It's not quite as easy as jwax said, and he's missing a lot of important analysis.
First, the right to counsel attaches automatically at indictment, but we treat waiver differently depending on whether the defendant has INVOKED the right and either asked for an attorney or else had one present w/ him at arraignment.
If the Def has NOT invoked his right to an attorney, then officers can Mirandize him and if he waives, that waiver is good for the 6th Amdt.
If the Def. HAS invoked his right to an attorney, the cops cannot talk to him at all except in one of 2 circumstances: 1) the defendant's attorney is present for the interaction w/ police, or 2) the defendant initiates the conversation AND also gives a valid waiver of his rights (Miranda will suffice here). This is essentially the Edwards rule from the 5th Amdt transposed onto the 6th Amdt.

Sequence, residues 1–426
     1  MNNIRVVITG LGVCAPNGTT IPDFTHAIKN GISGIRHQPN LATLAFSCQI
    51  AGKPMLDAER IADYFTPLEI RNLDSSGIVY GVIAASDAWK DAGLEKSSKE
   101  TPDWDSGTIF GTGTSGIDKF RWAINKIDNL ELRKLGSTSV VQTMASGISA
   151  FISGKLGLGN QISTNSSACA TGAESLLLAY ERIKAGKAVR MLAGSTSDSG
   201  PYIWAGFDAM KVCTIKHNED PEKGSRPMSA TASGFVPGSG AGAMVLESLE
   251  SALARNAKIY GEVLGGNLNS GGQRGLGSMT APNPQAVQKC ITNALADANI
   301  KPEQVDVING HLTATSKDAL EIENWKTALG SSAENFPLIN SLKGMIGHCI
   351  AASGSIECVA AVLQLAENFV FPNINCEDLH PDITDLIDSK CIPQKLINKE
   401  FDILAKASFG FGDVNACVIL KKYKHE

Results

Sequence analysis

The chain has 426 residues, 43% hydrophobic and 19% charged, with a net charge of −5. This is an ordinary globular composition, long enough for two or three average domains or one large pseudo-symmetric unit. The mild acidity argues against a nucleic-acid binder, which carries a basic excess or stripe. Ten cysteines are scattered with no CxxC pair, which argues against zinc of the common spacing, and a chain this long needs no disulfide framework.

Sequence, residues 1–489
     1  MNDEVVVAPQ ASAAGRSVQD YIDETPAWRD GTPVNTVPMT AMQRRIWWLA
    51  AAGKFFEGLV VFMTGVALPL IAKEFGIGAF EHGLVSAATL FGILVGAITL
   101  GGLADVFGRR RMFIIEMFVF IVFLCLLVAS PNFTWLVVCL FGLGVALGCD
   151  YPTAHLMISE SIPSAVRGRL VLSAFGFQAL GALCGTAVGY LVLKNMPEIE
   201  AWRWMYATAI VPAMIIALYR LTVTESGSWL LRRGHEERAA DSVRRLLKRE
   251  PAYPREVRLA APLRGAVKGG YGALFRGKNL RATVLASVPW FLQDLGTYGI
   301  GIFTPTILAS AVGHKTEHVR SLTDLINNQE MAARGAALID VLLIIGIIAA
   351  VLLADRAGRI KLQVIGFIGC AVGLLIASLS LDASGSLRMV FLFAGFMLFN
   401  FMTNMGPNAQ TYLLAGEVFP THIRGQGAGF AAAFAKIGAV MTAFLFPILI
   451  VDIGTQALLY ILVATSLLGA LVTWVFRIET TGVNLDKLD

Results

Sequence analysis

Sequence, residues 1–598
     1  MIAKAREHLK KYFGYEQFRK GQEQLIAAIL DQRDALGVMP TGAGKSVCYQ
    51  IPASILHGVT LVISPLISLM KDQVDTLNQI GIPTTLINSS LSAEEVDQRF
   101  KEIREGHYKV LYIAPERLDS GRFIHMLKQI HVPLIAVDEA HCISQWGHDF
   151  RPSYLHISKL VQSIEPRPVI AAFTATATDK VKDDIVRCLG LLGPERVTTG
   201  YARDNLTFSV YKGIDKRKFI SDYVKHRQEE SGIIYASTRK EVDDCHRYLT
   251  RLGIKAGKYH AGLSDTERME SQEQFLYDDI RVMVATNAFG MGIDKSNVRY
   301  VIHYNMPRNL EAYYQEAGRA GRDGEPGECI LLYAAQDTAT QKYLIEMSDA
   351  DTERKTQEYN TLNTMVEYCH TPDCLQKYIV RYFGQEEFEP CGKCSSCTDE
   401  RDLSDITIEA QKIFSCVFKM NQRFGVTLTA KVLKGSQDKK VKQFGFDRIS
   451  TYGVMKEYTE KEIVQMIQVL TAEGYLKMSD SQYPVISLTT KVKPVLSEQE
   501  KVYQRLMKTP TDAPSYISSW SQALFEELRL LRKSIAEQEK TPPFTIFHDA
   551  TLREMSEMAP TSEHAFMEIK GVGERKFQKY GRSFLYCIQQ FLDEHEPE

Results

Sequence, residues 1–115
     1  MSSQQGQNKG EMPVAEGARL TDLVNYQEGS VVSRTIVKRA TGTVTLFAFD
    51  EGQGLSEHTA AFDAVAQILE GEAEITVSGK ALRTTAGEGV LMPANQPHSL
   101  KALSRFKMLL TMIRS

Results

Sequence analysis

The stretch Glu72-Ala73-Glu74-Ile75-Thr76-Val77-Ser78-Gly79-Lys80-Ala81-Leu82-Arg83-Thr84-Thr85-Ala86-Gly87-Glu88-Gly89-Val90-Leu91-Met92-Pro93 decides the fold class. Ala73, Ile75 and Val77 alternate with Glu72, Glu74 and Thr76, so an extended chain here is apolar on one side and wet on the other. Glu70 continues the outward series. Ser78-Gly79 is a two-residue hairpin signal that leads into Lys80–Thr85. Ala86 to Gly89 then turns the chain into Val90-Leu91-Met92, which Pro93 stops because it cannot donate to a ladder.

So generally, waivers for Miranda warnings suffice for 6th Amdt purposes, but there's a slightly different analysis depending on whether the defendant invoked his rights. On the bare facts you gave in your OP, if the officer did nothing but give him a cigarette upon request (and there was no evidence that the officer knew this was likely to elicit information), a Miranda waiver would suffice, and would do so likely even if the Def. invoked his right since, as jwax said, the conversation was initiated by the defendant.